“Aurora are beautiful, but the invisible flows of particles and magnetism that go on at the same time can damage our electrical power grid and satellites operating in space. This is why scientists are so keen to understand the physics of aurora and solar storms, so we can predict when our technologies may be affected.”
One benefit from the economic & security concerns of predicting space weather is that you can get some great northern light forecasts. My favorite is NOAA’s Space Weather Service. They reported a G1 storm on March 1st – it’s the lowest intensity on the Space Weather Scales but as you can see is still able to produce auroral activity!
Greg took this photo Saturday night just before midnight at Presque Isle in Marquette – check it out on black and in his slideshow. You can see more of Greg’s work on Michigan in Pictures, at michigannaturephotos.com and definitely follow him at Michigan Nature Photos on Facebook.
I’ve always found snow & cold to be a lot more tolerable when accompanied by a healthy dose of sun & blue skies. About this photo Jim writes:
During the recent snowshoe weekend with my buddies Jim, Fred and Roger, we snowshoed the trails of this beautiful park located in my hometown. A recent snowfall had left a good blanket of powder that hadn’t been groomed as of yet for cross-country skiing. Lucky for us!
The City of Ironwood, Michigan passed an ordinance in 2011 that designated 167 acres of city-owned land in the center of Ironwood as the Miners Memorial Heritage Park. This area once contained five iron ore mines, the last of which closed in the 1960′s. The Friends of Miners Memorial Heritage Park has created a 2.6 mile looping trail through a portion of this area for hiking in the summer and cross-country skiing and snowshoeing in the winter. The Park is “Dedicated to those who toiled underground to work these mines. Many died in the darkness so future generations could live in the light.”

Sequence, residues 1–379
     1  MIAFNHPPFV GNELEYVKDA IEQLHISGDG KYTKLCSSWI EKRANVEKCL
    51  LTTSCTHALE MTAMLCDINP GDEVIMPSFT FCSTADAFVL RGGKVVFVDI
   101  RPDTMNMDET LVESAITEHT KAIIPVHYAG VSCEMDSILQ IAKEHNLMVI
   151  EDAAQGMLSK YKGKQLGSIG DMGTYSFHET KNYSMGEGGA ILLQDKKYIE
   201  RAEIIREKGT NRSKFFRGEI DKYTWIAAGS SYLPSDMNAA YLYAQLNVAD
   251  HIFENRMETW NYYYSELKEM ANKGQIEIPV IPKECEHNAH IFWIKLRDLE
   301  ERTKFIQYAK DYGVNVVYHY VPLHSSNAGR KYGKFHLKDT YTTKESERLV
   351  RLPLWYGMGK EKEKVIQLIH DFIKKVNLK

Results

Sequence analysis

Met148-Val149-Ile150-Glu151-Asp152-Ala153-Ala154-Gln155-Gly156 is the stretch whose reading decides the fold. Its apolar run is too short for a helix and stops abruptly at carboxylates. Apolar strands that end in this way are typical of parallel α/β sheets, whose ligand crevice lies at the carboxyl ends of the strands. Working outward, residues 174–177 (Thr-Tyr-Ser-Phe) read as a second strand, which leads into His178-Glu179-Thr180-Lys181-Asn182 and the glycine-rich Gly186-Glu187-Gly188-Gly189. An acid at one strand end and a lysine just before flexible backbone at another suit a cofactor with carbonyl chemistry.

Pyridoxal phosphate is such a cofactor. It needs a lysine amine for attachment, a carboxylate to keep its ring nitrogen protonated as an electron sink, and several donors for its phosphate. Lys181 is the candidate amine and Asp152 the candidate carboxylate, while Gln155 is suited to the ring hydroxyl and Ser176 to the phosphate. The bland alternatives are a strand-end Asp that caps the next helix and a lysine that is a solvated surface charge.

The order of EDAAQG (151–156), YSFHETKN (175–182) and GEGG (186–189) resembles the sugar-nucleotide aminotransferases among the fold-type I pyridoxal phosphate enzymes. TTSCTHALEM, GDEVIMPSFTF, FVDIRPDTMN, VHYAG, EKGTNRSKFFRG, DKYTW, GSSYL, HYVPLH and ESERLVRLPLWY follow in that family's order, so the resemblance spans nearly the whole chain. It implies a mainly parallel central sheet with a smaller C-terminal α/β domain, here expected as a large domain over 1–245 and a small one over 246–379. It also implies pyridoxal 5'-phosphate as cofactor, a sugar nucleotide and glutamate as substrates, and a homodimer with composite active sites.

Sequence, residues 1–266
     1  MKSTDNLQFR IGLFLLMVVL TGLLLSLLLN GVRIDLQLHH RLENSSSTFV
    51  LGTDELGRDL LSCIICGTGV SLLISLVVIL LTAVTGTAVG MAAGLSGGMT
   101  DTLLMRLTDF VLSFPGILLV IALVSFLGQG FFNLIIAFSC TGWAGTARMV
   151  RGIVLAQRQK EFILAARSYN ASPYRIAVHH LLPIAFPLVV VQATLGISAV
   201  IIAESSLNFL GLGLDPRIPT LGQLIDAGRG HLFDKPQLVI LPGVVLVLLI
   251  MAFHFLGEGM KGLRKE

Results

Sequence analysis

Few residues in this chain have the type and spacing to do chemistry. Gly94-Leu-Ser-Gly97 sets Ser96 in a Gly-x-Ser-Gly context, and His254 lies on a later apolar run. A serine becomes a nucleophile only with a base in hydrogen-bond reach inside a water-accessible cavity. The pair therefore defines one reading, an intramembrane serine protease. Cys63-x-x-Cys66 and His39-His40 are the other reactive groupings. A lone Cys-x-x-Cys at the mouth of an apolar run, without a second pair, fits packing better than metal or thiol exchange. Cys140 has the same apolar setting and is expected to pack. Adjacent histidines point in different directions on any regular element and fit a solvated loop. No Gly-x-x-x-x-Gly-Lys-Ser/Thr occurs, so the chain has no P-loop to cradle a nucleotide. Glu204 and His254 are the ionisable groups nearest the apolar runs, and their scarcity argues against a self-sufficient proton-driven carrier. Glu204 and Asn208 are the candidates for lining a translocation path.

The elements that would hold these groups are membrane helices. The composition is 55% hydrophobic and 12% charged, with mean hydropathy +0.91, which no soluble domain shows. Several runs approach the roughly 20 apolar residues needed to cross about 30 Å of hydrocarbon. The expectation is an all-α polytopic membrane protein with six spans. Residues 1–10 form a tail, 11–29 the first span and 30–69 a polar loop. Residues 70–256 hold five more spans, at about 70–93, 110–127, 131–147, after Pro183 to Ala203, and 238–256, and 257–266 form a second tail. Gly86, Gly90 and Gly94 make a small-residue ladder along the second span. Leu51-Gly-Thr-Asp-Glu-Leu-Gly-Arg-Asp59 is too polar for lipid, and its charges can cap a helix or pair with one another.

More about the park including some old photos at fmmhp.com.
February 28, 2013
While Winter Storm Rocky hammered states west of us with high winds and over a foot of snow, it was relatively mild here in Michigan. Still, numerous schools canceled classes, prompting Lindsay Knake of the Saginaw News to ask readers if Michigan has gone soft. It’s an interesting discussion with good points on both sides. I thought that Neksom had a useful & thoughtful comment:
It’s a different world. I have no doubt administrators would have closed school a lot more in days gone by if it weren’t such a logistical nightmare. Today, technology makes the process relatively simple. Heck, most districts have automatic systems that call parents and employees when a snow day has been announced. And let’s face it – we see too many fatal accidents on days like today not to be a little concerned about safety. If it saves us from even one potential catastrophe, the mild inconvenience is most certainly worth it.
More snow on Michigan in Pictures.
February 22, 2013
Don Harrison collects and sells postcards. His Flickr features some really great old postcards, mostly from Michigan. Check this photo out background bigtacular and see many more in Don’s Winter slideshow.
More postcards on Michigan in Pictures.